Excellence in Teaching
George RichardsonThe Award for Excellence in Teaching recognizes faculty members for their skill, innovation, and dedication to teaching and academic advising.
An internationally renowned scholar of system dynamics theory, practice, and education with a strong record of service to both the University and his profession, George Richardson considers teaching to be his No. 1 priority. Richardson, a professor of public administration, public policy, and information science, has served the University for 14 years in various roles. He was the director of the master’s program in public affairs and policy for two years, the director of the Ph.D. program in public administration for four years, and the director of the Certificate Program for Advanced Study in Planning and Policy Analysis for nine years. Richardson chaired the Department of Public Administration and Policy from 1998 to 2001.
The adviser for two national award-winning dissertations, Richardson received the 1985 and 1993 Jay Wright Forrester awards, given by the System Dynamics Society for the most important written contributions in the field selected over the previous five years. He was also honored with the National Science Foundation Faculty Fellowship in Science Applied to Societal Problems in 1974, and was a finalist for several awards in his field in 1999 and 1991. Richardson has written or edited 10 book-length volumes and 36 book chapters or articles. Much of his writing targets the development of theory and education, or what has been called the scholarship of teaching.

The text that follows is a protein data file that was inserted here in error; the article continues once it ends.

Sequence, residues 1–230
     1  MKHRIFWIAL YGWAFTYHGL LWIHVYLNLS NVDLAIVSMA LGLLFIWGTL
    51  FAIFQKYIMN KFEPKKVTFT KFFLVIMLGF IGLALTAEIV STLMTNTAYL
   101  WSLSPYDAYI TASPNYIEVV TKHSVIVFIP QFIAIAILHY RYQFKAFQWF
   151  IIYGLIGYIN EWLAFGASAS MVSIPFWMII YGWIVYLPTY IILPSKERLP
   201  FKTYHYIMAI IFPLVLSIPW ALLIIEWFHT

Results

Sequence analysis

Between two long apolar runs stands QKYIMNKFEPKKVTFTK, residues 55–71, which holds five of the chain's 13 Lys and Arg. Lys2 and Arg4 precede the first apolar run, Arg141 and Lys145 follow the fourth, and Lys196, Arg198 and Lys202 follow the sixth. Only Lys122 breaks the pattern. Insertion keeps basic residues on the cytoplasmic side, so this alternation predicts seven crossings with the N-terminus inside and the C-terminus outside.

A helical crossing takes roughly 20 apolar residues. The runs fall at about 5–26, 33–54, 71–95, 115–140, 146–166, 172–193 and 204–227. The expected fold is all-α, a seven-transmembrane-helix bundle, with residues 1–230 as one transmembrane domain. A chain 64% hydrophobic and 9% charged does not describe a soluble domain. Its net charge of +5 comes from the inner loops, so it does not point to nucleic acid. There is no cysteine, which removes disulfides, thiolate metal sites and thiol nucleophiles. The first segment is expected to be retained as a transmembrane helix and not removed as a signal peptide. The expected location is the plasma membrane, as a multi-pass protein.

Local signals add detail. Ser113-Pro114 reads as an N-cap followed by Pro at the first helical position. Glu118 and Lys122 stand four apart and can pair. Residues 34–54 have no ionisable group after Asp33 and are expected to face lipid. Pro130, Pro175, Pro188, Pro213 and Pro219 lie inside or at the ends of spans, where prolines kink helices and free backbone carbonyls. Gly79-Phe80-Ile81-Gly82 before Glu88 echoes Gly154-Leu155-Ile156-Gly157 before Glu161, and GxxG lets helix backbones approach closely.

Numerous letters were sent in support of Richardson, and most center on his extraordinary teaching abilities. Professor David Andersen was extremely impressed by Richardson’s teaching style and identified its key qualities. “His courses have absolutely the best content in them,” he said. “He sets high standards for students. His course materials are extremely well organized. Even though he presents state-of-the-art material, sets high standards, is well organized, and has a diverse and interesting set of classroom behaviors and approaches, perhaps his best teaching attribute is his open and giving nature. George’s door is always open to his students.”
Richardson is known as a masterful classroom performer who is always organized and well prepared. A former student wrote that his lesson plans are carefully crafted to build knowledge incrementally, although he recycles key concepts frequently to ensure that they sink in. In addition, he invites participation, asks questions to check comprehension, and incorporates in-class group exercises that allow students to apply new concepts.
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